This article takes its place in our Faith & the Arts series.
I had been hesitant to write anything for Orthodoxy in Dialogue. I’m aware that its editorial staff and target audience are people with, or studying for, doctorates, while my highest level of educational achievement is a 2-year degree in data processing from my local community college. However, one trick I have learned from people more academically qualified than I am is that you can get away with a much lower level of academic rigor by putting the word “towards” in the title of your essay. So that’s what I’ve done.
I have long been fascinated by comics. They taught me to read at an early age, something I share with many other people, and I once tried (unsuccessfully) to start a line of comics aimed at adult literacy and English language learners.
But as an Orthodox Christian, my fascination runs deeper, as I sense much unfulfilled potential in the medium itself. Our Orthodox liturgical life affirms two art forms above all others: iconography and poetry, the latter as expressed in our hymns. It strikes me that comics are better placed than almost any other artistic medium to combine the two.
Unfortunately, the fact that comics have for so long been regarded as entertainment rather than art has blinded many to its potential. The Church has traditionally affirmed art, but has rightly been wary of entertainment as a form of distraction, a shiny bauble dangled in front of us to divert our attention from anything of value. At best it is tolerated as a didactic tool.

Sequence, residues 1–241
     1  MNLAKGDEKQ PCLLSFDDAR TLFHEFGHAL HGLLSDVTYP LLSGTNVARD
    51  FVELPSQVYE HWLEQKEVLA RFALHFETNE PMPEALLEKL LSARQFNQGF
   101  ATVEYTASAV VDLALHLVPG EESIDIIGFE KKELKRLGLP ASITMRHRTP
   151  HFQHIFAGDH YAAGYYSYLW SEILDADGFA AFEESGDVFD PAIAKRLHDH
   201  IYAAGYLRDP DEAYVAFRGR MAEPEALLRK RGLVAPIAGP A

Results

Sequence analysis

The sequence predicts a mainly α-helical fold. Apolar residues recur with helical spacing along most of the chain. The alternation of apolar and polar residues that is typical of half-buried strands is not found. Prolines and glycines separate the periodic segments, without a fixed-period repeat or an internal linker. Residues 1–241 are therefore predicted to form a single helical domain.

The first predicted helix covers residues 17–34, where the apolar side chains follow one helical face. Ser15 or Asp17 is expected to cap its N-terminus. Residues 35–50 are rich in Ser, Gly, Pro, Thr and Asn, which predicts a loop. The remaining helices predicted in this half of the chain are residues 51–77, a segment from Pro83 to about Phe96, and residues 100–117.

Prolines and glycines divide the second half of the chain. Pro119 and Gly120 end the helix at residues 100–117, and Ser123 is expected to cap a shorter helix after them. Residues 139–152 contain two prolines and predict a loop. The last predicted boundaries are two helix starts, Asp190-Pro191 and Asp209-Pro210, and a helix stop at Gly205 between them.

Back in the 1980s, when Watchmen and The Dark Knight Returns first propelled the idea of comics aimed at adults into the public consciousness, I was talking to the head of a leading UK Orthodox publishing company about the idea of Orthodox comics. He replied that, funnily enough, he had been thinking about a line of illustrated Bible stories for children. My heart sank. That wasn’t what I had in mind at all.
But what did I mean? In this article, I want to concentrate on the form of Orthodox comics, rather than the content: the way stories are told rather than the type of stories we tell. I believe that Orthodox liturgical art has two major qualities to offer comic art: freedom from temporal and spatial restraints, and a poetic way of thinking.
Freedom from Time and Space
The page at the top of this article has stuck with me ever since I first saw it at the age of 10. It comes from chapter two of the Judge Dredd story The Cursed Earth, written by Pat Mills, drawn by Mike McMahon and first published in 2000AD #62, cover date 29th April 1978.
Now, it’s highly unlikely that this was consciously inspired by Orthodox iconography. Mills is a pagan who was raised Irish Catholic and still bears the scars from the experience, while McMahon was a first generation punk rocker. He did, however, go to art school, and it is highly likely that he was exposed to artists like Picasso, who were influenced by icons. Furthermore, the purpose of the artwork is to excite, a far cry from the dispassion that the liturgical arts are designed to help us achieve.